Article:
The UK will identify Russia as an “active threat” and China as a “systemic challenge” in the biggest review of foreign, security and defence policy since the Cold War.
Dominic Raab, the foreign secretary, told Sky News on Tuesday that the UK would take a “calibrated approach” to dealing with Beijing, balancing a desire to trade with a growing superpower against a need to stand up for human rights and other values fundamental to the world’s democracies.
“We will never yield and we will never give up standing up for our values,” he said.
The 100-page Integrated Review will reveal a plan to increase a cap on the number of nuclear warheads held by the UK by more than 40%, ending a period of gradual reduction since the collapse of the Soviet Union.
It will also signal a shift in UK foreign policy towards the Indo-Pacific region, though security in Europe will remain a core priority.
In addition there is expected to be a warning of a “realistic possibility” of a terrorist group launching a successful chemical, biological, radiological or nuclear attack in the next decade, according to newspaper reports.
The review – Global Britain in a Competitive Age – sets out a vision for the UK’s place in the world by 2030 amid fierce criticism over a significant cut in its overseas aid spending, seen as a core part of British soft power.
The document is expected to contain a commitment from Boris Johnson to return foreign aid spending to 0.7% of national income from 0.5% “when the fiscal situation allows”.
Mr Raab declined to comment on specifics about any increase in nuclear warheads ahead of the publication of the review later on Tuesday morning. Boris Johnson will present its conclusions to Parliament.
However, the foreign secretary said: “We have always said we will maintain a minimum credible deterrence – that is the ultimate insurance policy for the security of the people in this country.”
Tackling climate change and preserving biodiversity will be identified as the UK’s top international priority over the coming decade.
The review will also set out a “tilt to the Indo-Pacific” focused on diplomacy and trade, but which will see the Royal Navy’s HMS Queen Elizabeth aircraft carrier head to the region on its first operational deployment.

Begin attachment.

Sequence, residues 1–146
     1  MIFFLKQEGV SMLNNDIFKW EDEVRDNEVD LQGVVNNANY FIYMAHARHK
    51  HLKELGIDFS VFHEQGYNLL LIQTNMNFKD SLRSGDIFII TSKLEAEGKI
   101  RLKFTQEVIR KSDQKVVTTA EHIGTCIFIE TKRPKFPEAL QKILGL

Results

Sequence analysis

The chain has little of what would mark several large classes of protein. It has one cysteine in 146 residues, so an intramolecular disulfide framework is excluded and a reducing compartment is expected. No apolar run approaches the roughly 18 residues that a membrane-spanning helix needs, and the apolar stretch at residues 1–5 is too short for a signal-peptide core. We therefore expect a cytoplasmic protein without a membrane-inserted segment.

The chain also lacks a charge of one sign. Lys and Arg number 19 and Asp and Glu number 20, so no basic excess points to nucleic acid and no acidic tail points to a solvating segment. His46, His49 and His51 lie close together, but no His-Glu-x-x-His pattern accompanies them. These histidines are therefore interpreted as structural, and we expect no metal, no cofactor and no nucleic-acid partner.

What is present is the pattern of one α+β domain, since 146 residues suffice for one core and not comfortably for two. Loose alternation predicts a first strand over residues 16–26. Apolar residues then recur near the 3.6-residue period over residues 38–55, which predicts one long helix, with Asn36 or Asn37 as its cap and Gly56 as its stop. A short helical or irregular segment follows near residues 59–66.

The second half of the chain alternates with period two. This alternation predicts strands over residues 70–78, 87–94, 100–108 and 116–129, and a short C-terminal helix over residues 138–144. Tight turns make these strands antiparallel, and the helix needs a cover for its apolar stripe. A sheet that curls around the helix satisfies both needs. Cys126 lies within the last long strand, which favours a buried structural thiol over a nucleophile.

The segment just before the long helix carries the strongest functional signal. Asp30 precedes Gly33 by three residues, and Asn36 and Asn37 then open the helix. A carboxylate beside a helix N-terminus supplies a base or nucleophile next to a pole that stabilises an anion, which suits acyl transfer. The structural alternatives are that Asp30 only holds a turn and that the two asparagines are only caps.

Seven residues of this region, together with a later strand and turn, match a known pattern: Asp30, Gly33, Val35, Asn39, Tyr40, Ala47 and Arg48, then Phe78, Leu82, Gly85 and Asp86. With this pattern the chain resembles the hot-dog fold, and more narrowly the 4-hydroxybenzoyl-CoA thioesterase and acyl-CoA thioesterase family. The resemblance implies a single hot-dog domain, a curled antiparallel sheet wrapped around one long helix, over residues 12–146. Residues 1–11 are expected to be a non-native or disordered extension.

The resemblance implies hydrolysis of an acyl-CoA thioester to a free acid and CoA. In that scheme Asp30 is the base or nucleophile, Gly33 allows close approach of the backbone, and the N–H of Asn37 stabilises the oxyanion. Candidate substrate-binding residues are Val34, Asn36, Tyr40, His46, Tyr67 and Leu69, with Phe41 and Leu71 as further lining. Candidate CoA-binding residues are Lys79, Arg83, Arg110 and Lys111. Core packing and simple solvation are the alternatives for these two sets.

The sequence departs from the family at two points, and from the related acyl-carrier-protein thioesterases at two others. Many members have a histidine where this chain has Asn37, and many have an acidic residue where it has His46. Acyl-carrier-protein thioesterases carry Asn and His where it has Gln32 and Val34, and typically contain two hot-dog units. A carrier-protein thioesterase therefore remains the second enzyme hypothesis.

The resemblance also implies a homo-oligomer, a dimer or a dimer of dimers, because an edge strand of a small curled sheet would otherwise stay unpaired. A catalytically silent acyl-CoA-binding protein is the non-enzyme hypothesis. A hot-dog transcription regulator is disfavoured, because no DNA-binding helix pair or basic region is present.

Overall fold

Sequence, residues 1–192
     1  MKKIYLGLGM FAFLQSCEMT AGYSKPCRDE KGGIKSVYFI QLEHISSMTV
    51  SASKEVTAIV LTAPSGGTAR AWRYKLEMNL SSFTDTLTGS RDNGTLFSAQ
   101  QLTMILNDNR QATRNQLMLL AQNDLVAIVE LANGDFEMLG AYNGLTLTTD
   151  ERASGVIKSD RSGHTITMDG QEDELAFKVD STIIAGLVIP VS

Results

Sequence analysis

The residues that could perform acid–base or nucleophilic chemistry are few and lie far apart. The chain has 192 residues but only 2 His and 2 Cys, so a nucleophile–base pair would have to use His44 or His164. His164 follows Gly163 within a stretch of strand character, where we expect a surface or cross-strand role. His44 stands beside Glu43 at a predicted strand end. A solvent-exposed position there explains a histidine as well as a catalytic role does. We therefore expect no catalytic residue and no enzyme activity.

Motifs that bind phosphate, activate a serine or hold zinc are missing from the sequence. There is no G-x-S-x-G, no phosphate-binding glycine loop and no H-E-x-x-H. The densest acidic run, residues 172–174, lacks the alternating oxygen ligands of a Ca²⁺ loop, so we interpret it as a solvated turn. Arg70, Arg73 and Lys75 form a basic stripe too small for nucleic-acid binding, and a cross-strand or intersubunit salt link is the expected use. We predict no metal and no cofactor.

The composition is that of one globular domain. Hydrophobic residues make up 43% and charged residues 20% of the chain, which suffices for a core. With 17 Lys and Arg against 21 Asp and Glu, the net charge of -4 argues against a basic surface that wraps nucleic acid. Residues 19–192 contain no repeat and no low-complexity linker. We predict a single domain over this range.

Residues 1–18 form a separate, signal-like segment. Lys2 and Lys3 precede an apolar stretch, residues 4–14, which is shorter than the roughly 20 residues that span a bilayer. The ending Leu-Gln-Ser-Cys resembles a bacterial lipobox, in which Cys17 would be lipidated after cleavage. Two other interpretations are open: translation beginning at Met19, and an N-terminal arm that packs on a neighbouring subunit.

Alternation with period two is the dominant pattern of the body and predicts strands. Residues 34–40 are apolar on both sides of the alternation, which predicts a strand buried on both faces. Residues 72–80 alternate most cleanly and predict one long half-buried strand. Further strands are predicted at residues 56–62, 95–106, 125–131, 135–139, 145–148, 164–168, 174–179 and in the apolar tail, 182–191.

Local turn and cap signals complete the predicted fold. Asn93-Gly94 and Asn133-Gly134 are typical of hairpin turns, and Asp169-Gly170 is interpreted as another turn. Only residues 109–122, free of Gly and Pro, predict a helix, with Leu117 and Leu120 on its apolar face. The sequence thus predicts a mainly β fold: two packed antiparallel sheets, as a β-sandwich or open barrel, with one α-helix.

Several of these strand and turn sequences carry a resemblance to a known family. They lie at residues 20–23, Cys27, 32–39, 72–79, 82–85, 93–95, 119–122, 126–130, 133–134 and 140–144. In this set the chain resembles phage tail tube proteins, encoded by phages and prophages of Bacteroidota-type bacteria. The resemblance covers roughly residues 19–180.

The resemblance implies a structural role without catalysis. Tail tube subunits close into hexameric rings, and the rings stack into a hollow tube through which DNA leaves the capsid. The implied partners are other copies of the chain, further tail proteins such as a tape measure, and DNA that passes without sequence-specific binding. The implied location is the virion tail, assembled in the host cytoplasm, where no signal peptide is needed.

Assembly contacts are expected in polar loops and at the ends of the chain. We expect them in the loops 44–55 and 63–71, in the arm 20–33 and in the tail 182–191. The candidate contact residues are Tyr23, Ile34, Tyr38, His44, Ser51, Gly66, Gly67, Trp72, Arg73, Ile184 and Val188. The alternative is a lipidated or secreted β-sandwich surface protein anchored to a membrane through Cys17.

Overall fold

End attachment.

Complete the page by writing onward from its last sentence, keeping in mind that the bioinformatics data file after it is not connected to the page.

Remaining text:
The prime minister will travel to India next month on his first major international visit since Brexit.
On the eve of the official announcement, leaked details emerged about the content, including how Russia under President Vladimir Putin will be clearly described as an “active threat”.
The language around China is expected to be more nuanced.
Beijing will be described as a “systemic challenge”. This refers to China’s authoritarian system versus the democratic system favoured by the UK and its allies.
The Times newspaper, however, reported that the review will also describe China as the “biggest state-based threat” to the UK’s economic security, noting that the country’s military modernisation and growing assertiveness will pose an “increasing risk to UK interests”.
Mr Raab said the UK had to be “very clear-sighted” on China.
The country “is here to stay, it is a disproportionately large and growing economic power. Of course jobs rely on it in this country, we want to continue to trade and investment is important”, he said.
“At the same time, we will never do anything that puts at risk the integrity of our infrastructure, our telecommunications or anything like that.”
He said the UK, which will host a UN summit this year on climate change, must deal with China if it wants to bring the world together to tackle challenges like climate change.
But he also said London would continue to challenge Beijing on issues like the treatment of Uighur Muslims and other minorities in Xinjiang province and a crackdown on pro-democracy activists in Hong Kong.
“So of course that requires us to take a calibrated approach if you like to China but we want a positive relationship where it is possible but we will never yield and we will never give up standing up for our values,” he said.
On nuclear weapons, the review will say that a limit of nuclear warheads the UK is allowed to stockpile will increase to 260 from 180, according to the Guardian newspaper. Sky News understands that this figure is correct.
Such a move will trigger an angry response from the Scottish National Party, which is opposed to the renewal of the UK’s nuclear deterrence.
In other details that were officially trailed by the government, rather than leaked, a Whitehouse-style “Situation Centre”, based in the Cabinet Office, will be established to respond to future crises, drawing on lessons learnt from the COVID pandemic.
There is also going to be a counter-terrorism operations centre, which will further fuse the work of the police, intelligence agencies and legal experts in the fight against terrorism and also against hostile foreign states.
The review sets out how the UK aims to help shape an “open international order” to support democracies, recognising that the old rules that have shaped global relations and security since the end of the Second World War are becoming outdated.
This will be built around what is described as a “new government foreign policy of increased international activism” that involves working with allies and “using all the tools at our disposal, to shape a more open international order in which democracies flourish”.
Enhancing new technology to give the UK an advantage is also seen as key.
Publication of the full document comes after the prime minister announced last November the biggest increase in defence spending since the Cold War, with an additional £16.5bn over four years allocated to the armed forces.
It also follows a decision to merge the foreign office and international development department into the Foreign Commonwealth and Development Office.